It’s generally why hobbies that persist past childhood and adolescence tend to stick around for a while. I’m not about to get into a larger discussion of how western society and capitalism play a role in trouncing any and all pursuits that don’t also confer monetary reward.[western society and capitalism play a role in trouncing any and all pursuits that don’t also confer monetary reward.] And that hobbies and artistic pursuits are graded on a scale where the effort to become proficient becomes less desirable the older you get as a result of being less unique. That’s a topic for another time and I might pin it so that I can come back to it later.

And let’s not forget that gender plays a serious role in any and all artistic pursuits. Cis white men are given more importance, more credence, and conferred more celebrity/expert status for their hobbies. Women and other minorities have to pass a never ending line of hurdles and gate keeping even if they are more proficient, are more of an expert, etc.

This is one of the many failings of patriarchy and while it isn’t coded as important as other tasks it’s an intrinsic part of western society, so much so that talking about it feels odd.

All of this comes back to the idea that at some point, once we pass our teens, there is less importance placed on Making, Creating. We internalize the fear of failure and the unspoken capitalist view that unless it’s commercially viable there is no value in it, so it becomes harder to pick up hobbies as we get older. And very hard to stick with them.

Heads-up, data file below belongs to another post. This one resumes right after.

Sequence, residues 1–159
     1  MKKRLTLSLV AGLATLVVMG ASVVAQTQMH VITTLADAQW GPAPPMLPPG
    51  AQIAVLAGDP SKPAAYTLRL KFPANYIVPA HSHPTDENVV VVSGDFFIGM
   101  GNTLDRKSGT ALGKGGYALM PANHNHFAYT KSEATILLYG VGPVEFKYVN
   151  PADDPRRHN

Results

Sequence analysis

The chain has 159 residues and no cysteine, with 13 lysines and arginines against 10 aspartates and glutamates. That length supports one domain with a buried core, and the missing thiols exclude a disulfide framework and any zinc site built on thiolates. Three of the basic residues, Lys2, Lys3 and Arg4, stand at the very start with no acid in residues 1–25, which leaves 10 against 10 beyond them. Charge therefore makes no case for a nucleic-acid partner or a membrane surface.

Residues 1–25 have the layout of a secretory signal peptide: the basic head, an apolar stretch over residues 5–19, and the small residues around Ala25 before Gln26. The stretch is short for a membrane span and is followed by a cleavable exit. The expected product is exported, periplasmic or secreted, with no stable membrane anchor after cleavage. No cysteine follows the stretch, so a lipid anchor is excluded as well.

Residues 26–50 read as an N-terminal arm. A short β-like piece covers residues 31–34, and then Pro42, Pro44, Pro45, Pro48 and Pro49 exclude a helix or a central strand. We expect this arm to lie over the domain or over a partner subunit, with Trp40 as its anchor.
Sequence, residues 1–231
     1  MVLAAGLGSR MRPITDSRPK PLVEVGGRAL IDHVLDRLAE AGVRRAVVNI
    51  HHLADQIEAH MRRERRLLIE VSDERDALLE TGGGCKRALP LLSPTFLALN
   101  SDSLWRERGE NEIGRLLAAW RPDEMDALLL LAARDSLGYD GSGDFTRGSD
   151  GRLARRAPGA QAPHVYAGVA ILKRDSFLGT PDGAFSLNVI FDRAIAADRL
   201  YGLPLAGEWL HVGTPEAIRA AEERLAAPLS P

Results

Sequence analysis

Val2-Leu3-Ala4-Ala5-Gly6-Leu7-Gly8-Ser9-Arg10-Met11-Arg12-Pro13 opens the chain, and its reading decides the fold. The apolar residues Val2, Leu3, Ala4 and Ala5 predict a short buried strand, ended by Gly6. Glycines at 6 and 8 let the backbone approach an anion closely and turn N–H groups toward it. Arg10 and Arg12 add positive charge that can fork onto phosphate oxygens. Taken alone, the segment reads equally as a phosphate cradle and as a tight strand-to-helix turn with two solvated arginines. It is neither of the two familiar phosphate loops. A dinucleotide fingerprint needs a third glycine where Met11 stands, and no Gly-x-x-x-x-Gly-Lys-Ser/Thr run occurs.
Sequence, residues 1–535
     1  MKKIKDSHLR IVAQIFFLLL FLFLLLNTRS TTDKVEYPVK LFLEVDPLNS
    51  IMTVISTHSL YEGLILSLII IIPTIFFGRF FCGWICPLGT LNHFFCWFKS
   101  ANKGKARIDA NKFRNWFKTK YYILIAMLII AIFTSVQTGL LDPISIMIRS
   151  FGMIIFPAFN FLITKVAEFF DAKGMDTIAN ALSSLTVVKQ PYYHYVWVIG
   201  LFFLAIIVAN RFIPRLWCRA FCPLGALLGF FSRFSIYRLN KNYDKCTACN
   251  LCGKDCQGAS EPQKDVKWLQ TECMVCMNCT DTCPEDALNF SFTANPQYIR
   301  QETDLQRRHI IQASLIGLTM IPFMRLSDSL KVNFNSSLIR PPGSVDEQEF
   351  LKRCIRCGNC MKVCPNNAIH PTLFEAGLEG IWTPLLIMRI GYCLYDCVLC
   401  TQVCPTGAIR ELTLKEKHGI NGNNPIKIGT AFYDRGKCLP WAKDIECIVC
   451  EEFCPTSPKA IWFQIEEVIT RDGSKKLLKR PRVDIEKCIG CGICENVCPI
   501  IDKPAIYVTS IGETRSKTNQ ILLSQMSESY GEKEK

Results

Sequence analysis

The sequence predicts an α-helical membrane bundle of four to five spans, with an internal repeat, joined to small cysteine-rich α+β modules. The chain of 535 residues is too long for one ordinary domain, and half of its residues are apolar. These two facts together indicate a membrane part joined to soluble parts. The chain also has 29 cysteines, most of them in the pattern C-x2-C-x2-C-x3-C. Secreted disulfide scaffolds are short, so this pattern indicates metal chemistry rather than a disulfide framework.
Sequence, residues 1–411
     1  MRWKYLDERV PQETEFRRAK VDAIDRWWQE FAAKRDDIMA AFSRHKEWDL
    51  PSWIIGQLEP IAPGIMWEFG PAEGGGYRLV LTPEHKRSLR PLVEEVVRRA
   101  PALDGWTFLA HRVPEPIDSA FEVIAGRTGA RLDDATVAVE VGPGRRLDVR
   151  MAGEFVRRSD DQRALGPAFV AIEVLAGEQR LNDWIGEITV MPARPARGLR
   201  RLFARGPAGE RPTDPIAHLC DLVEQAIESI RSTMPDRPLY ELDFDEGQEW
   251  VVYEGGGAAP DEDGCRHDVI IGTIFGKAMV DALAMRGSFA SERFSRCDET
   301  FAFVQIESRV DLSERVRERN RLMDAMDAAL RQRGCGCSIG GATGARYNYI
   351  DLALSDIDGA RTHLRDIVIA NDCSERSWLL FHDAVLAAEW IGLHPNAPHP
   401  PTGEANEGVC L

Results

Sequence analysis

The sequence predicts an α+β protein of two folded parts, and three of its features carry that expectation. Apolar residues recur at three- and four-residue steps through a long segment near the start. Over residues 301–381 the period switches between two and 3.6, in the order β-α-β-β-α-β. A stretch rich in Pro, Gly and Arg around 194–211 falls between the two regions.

I have two main hobbies, writing and fibre arts.

Writing remains a hobby only because I have yet to find commercial success. I’m pursuing commercial avenues, and I’m writing original pieces and this blog for that end. But ultimately writing is still one of my hobbies. I’ve technically earned more monetarily from my fibre arts than I have from writing, in that I’ve actually sold product from dyeing fibre and yarn.
In the case of both writing and knitting there was a case of pursued interest. I was interested in writing enough through high school and college, and had enough feedback through roleplaying and cooperative writing sites to make a concerted effort in getting better. I was given the opportunity to suck. To continue to suck because I showed real interest in improving.

In the beginning, I had no idea I sucked. I thought I was writing brilliant prose. It’s the wonderful ignorance one has when they’re just beginning to write, they have no concept of tropes, clichés, retread plots, because a) they are calling upon movies and books they’ve read, but do not yet have the subtly to bury their reference points b) are still amazed by the ideas that are springing from their minds.